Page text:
Thermodynamics is a subsection of physics that deals with energy and its relationship with properties of matter. It is concerned with the different forms of energy and their transformation between one another. It provides the general laws that are the basis for energy conversion, transfer, and storage.
Systems, System Boundaries, Surroundings:
A thermodynamic system, or briefly a system, is a quantity of matter or a region in space chosen for a thermodynamic investigation. Some examples of systems are an amount of gas, a liquid and its vapor, a mixture of several liquids, a crystal or a power plant. The system is separated from the surroundings, the so-called environment, by a boundary (real or imaginary). The boundary is allowed to move during the process under investigation, e.g., during the expansion of a gas, and matter and energy may cross the boundary. Energy can cross a boundary with matter and in the form of heat transfer or work. The system with its boundary serves as a region with a barrier in which computations of energy conversion processes take place. Using an energy balance relationship (the first law of thermodynamics) applied to a system; energies that cross the system boundary (in or out), the changes in stored energy, and the properties of the system are linked. A system is called closed when mass is not allowed to cross the boundary, and open when mass crosses the system boundary. While the mass of a closed system always remains constant, the mass inside an open system may also remain constant when the total mass flow in and the total mass flow out are equal.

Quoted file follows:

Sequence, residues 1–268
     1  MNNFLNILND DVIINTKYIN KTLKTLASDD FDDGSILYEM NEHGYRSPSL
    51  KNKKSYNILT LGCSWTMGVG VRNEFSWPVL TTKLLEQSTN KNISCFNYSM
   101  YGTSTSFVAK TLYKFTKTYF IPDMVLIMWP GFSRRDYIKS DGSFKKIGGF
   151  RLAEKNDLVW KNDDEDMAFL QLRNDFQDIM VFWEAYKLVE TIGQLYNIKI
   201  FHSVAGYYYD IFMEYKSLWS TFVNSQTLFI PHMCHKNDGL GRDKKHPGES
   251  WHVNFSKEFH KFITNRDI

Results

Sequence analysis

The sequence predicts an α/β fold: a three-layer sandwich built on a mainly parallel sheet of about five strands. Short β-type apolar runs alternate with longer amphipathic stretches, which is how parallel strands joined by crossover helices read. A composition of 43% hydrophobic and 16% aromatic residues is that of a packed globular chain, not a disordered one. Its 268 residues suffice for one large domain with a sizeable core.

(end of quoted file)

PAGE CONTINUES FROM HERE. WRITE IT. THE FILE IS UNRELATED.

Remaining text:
Description of States, Properties, and Thermodynamic Processes:
A system is characterized by physical properties, which can be given at any instant, for example, pressure, temperature, density, electrical conductivity, and refraction index. The state of a system is determined by the values of these properties. The transition of a system from one equilibrium state to another is called a change of state. The distinction between a closed and an open system corresponds to the distinction between a Lagrangian and an Eulerian reference system in fluid mechanics. In the Lagrangian reference system, which corresponds to the closed system, the fluid motion is examined by dividing the flow into small elements of constant mass and deriving the corresponding equations of motion.